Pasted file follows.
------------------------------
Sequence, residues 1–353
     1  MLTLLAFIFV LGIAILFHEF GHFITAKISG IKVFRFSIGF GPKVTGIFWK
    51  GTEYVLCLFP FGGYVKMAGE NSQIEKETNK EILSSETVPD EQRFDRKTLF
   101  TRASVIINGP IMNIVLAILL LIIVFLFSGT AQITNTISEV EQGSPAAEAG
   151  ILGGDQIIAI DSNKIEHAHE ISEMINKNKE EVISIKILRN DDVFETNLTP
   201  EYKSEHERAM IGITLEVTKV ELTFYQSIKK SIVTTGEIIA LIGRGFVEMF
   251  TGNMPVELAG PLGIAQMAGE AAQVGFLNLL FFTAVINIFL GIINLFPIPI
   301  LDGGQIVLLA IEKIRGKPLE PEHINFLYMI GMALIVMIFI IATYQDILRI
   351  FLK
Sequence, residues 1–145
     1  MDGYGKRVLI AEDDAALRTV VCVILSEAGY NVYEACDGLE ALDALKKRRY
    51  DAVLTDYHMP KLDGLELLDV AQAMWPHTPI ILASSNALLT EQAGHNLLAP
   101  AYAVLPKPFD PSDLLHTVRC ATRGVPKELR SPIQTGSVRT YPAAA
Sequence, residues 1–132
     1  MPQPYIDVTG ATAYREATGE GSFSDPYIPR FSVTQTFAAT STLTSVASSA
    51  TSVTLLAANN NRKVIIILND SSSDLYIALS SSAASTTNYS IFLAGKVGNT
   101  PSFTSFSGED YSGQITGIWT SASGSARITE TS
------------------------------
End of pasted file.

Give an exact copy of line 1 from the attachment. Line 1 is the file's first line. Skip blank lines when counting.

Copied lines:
Sequence, residues 1–353